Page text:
Welcome to the new Writing Q&A site! This is the place for anybody interested in the craft of professional writing, editing, and publishing. We welcome questions about all types of writing: fiction, poetry, technical documentation, journalism, scriptwriting, non-fiction, essays, and more. Got questions? Click the "ask" button! Able to offer answers? Try the search button, click on any tag, or just browse. And please vote on content that stands out.

If you have an account on Writing Stack Exchange, you can claim your questions and answers with your account here.

We're currently running on temporary software while waiting for Codidact to be ready. The URL is on codidact.com now, and the software will be updated to match later. Regardless of the software, you can help us expand our library of questions and answers right now -- please join us.

A.I character that talks using pre-scripted messages. How do i make it seem more relatable?

2

I have some character stuff im trying to figure out for an AI antagonist.

In a game development project that I am part of, there is an artificial intelligence that speaks to the player character through messages that sound pre-scripted, despite the A.I being canonically fully aware of the player character and the status of the game world, etc.

for example, when the player character enters an area the AI doesn't want him in, it might say something like "Warning. Unauthorized personnel in area number [area the player character is in]. Rerouting..." and then proceed to close doors and stuff.

The reason I'm trying to write this character to speak like this is that the A.I was built on 1970s computer equipment- think reel-to-reel tape drives and the like. To me, it makes sense that such an A.I would only be able to speak using the limited phrases recorded on the tapes, and it makes for interesting character development- its an AI that was designed to help humanity's technical progress which suffers from its own apparent obsolescence.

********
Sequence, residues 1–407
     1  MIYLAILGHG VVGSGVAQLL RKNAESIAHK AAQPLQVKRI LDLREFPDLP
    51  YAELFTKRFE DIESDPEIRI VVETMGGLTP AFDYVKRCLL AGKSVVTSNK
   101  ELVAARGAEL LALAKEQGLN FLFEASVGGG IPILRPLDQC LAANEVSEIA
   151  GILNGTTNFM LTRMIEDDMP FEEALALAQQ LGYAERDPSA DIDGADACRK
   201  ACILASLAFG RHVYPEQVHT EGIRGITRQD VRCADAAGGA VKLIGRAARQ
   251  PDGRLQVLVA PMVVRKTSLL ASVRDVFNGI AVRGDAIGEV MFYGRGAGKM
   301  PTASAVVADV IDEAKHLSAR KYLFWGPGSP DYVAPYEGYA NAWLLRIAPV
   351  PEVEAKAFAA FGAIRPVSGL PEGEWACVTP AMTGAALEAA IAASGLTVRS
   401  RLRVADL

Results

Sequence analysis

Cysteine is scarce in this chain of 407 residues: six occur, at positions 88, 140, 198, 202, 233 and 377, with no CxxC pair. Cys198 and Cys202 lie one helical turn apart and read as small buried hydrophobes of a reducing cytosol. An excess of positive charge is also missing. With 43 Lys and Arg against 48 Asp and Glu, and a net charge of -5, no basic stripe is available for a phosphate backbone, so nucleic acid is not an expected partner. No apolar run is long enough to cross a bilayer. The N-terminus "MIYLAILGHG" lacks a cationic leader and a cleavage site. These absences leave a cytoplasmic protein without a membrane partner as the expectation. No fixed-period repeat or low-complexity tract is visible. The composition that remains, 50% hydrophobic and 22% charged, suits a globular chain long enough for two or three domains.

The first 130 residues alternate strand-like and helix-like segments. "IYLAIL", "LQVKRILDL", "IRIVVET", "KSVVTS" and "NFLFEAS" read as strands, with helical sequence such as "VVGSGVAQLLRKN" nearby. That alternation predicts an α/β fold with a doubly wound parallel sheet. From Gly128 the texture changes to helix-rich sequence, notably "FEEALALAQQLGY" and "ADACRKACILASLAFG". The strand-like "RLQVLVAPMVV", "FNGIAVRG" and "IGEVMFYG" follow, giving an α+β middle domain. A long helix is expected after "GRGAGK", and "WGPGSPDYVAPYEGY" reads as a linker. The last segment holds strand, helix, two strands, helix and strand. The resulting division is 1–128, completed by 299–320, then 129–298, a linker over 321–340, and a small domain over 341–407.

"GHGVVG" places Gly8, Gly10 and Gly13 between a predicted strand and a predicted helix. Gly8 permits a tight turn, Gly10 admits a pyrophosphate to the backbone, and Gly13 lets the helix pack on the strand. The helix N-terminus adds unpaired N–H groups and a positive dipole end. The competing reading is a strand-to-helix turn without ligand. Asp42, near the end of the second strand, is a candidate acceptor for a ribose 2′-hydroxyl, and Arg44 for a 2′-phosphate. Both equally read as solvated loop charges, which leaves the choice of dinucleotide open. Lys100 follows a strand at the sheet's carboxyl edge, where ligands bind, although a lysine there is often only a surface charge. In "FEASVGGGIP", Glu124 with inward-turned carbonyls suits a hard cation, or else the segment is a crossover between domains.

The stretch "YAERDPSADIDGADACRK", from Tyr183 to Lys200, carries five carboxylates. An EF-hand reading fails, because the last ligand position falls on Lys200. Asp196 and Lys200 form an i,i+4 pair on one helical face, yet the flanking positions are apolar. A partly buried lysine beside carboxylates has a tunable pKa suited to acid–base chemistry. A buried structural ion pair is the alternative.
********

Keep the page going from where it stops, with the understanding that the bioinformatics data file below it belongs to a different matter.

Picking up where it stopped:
the problem comes with making the A.I more relatable. for example, what if the A.I is angry at the player? what if its the final boss fight, and the A.I is trying to insult the player and stuff to get them to stop dismantling it?

I'm trying to find the best way to write dialogue for the A.I antagonist that sounds more relatable and less pre-recorded, but at the same time, I want it to still give players of the game a sense that this AI has limits due to the antiquated equipment it is on; and perhaps the AI's hidden frustration with that fact.

The A.I running on antiquated equipment ties into the character's motivation and backstory in a few different ways that it would be counter-productive to share in the scope of this question. it is important to me that I don't compromise the fact that this AI believes it is still important to the future despite the obvious obsolescence it suffers from.

Ultimately my question is what the best way is to convey the character's obsolescence without sacrificing believability or character depth.

history / edit / permalink / close / delete / flag

This post was sourced from https://writers.stackexchange.com/q/48332. It is licensed under CC BY-SA 4.0.

0 comments


3 answers

1

I would find this approach highly unrealistic. For one, those reel-to-reel tape drives do not EVER record sound; they are strictly digital. I worked with them extensively in the 1970's; for a time I was one of many people using computers to predict weather and compute flight plans. Speech synthesis for computers has been around almost since they began, in the 1950's. Below is a link. Back in the 70's, we already had digital microphones that could record individual words and computer systems that could play them back to speakers in whatever combinations desired, for example to read a telephone number out loud, or spell out a word.

If you wish to show the limitations of 1970's technology, I would suggest the AI have a very limited vocabulary of a few hundred words, like a child. Storage was always the issue.